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Eco-friendly housekeeping

Connie Jameson

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Nowadays many people realize the degrading effects store-bought detergents have on the environment, because it is a serious problem that needs to be dealt with accordingly. If we do not stop polluting mother earth, who knows what will happen; global warming, war, famine etc. No one knows because not once in the history of the human race, have we influenced our habitat this much. And if we do not control our wicked ways, sooner or later we will suffer the consequences of our own ignorance. That is especially true for people who aren't even aware that there is a problem, and that is staring them right in the face. So please, read about eco-friendly housekeeping; educate yourself so we don't tarnish our playpen to the point of no return. Here I have compiled some materials I gathered from my friend who is an expert on green/environmentally sound cleaning and works for house cleaning Finchley.

Detergents Make All The Difference

When people talk about eco-friendly housekeeping, you can be 100% sure that it is somehow related to the evil, commercial detergents that are pushed down our throats. There aren't that many aspects that should be taken into consideration besides this , but if we can substitute even one detergent with something green and eco-friendly, we've done our work. Here are some substitutions I find to be just as good as store-bought detergents, if not better:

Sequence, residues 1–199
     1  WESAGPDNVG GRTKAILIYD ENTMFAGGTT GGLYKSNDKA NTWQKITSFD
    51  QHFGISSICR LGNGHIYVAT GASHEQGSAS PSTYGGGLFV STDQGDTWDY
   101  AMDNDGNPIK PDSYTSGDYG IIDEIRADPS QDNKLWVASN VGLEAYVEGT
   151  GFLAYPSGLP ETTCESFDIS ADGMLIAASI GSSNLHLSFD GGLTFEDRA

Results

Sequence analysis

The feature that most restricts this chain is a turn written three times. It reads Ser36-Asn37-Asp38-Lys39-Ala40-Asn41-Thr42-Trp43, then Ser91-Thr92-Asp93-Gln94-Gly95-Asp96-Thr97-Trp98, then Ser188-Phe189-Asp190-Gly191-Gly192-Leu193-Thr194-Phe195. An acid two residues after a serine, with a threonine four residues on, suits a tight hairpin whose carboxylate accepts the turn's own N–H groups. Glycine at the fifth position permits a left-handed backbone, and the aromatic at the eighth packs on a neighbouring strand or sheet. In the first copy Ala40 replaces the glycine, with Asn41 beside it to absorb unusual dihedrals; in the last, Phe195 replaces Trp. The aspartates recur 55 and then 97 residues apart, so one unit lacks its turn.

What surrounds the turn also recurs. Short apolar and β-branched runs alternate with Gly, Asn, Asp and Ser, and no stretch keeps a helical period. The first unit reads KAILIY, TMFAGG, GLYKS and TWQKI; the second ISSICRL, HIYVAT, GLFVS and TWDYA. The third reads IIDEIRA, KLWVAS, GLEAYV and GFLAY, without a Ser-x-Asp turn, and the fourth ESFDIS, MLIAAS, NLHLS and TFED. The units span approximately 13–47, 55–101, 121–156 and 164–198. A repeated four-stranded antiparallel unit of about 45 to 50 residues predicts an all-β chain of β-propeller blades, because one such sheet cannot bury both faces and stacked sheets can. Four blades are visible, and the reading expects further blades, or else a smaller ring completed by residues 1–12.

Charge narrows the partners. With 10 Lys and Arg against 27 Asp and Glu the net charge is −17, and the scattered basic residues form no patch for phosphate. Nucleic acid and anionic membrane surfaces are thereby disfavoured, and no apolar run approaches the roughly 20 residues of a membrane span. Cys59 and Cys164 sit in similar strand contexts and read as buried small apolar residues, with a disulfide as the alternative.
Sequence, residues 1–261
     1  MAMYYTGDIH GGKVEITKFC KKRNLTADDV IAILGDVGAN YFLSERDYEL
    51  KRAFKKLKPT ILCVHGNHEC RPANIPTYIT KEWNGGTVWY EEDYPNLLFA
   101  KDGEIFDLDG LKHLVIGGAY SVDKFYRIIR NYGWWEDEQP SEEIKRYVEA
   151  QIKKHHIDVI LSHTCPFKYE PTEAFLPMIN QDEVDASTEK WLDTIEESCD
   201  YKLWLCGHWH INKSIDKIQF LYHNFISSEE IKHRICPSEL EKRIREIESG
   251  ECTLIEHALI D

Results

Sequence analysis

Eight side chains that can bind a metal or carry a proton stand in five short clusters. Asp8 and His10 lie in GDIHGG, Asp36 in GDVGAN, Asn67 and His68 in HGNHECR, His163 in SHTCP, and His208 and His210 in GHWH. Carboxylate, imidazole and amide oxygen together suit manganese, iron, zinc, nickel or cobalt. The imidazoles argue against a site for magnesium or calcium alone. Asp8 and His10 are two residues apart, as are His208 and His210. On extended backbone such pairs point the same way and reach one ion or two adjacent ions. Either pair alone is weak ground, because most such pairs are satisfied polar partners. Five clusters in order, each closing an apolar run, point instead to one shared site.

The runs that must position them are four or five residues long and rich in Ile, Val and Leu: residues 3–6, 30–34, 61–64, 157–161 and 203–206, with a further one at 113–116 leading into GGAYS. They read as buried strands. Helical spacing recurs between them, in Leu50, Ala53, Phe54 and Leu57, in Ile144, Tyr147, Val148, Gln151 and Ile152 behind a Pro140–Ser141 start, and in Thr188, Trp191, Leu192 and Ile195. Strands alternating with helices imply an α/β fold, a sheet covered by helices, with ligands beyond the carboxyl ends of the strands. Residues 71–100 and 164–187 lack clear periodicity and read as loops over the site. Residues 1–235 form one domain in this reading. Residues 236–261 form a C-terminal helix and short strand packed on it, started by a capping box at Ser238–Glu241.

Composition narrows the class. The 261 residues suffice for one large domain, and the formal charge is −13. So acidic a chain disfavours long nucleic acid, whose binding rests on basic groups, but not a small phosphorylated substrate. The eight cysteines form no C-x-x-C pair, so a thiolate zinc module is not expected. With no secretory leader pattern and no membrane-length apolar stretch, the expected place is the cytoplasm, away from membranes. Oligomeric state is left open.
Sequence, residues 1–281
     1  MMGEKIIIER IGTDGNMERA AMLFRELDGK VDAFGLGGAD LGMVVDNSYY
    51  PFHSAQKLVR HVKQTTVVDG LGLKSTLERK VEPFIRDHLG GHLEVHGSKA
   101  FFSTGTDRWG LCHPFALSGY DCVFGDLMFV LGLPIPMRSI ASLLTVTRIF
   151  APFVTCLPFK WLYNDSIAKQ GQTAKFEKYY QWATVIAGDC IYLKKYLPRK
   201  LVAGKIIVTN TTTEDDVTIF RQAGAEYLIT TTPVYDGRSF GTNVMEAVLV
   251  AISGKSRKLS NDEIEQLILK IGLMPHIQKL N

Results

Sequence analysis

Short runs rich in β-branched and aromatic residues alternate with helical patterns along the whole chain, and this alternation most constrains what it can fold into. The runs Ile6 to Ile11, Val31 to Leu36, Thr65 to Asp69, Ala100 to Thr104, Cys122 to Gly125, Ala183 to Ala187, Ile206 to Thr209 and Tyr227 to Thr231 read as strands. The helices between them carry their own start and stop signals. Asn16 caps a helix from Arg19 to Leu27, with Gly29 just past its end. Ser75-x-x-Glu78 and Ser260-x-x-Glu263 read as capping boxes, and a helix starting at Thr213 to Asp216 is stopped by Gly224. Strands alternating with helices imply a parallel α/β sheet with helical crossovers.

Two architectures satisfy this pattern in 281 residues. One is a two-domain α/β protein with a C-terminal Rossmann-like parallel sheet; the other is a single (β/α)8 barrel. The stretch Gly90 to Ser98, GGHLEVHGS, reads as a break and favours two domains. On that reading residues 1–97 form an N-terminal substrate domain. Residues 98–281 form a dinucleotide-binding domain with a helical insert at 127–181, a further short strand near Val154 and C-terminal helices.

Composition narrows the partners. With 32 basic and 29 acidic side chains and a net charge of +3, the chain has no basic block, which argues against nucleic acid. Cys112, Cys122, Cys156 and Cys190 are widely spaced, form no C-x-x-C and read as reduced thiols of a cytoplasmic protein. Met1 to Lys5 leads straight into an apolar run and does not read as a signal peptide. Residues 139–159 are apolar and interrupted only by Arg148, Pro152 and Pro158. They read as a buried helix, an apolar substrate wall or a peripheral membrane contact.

• Sodium Bicarbonate – although this name brings close resemblance to another inorganic chemical (sodium hydroxide), it is not nearly as corrosive or as damaging. Sodium bicarbonate, also known as baking soda, is perhaps the most powerful housekeeping detergent that can be found in almost any kitchen drawer. It works wonders on removing saturated dirt/grime as well as keeping bad odors down to a minimum.

  • White Vinegar – works just as well as baking soda. Usually the vinegar is diluted in water to keep acidity levels down as much as possible. For more heavy contamination, pure white vinegar might be employed, depending on the material in question.

  • Lemon Juice – lemon contains an ingredient known as citric acid. Citric acid exhibits stronger acidity compared to white vinegar. It is used for treating deeply saturated filth and grime. Like white vinegar, it is best to dilute the acid in water, unless the situation demands it.

  • Hydrogen Peroxide – considered quite the powerful oxidizer, hydrogen peroxide can be used to clean stains, whiten whites, clean counter-tops and cutting boards etc. It is absolutely safe to handle, with not ill effect on the environment.

  • Rubbing Alcohol – alcohol had been used as an disinfectant for thousands and thousands of years. It is the perfect disinfectant, for it kills up to 99.9% of all common bacteria. It evaporates rather quickly, making it ideal for treating hard-to dry materials.

Additional Tips

One thing that wastes a lot of Earth's natural resources is the over-production of paper for the household. In fact, nowadays almost every home is accustomed to using paper towels. And there is nothing wrong with that – paper towels are awesome! Or that would be the case if making paper towels didn't involve the systematic chopping-down of trees for cheap commerce. Use a rag or a microfiber towel to soak up spills. Wash and they are as good as new – no killing of trees required. Also, try to use as little water as possible!


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